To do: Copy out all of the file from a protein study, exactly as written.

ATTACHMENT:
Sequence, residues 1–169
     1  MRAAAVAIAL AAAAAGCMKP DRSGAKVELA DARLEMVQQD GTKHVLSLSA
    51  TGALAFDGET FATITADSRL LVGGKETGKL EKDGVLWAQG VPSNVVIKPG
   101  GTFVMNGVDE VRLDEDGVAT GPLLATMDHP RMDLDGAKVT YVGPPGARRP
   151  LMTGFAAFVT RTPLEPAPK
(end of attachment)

Sequence, residues 1–169
     1  MRAAAVAIAL AAAAAGCMKP DRSGAKVELA DARLEMVQQD GTKHVLSLSA
    51  TGALAFDGET FATITADSRL LVGGKETGKL EKDGVLWAQG VPSNVVIKPG
   101  GTFVMNGVDE VRLDEDGVAT GPLLATMDHP RMDLDGAKVT YVGPPGARRP
   151  LMTGFAAFVT RTPLEPAPK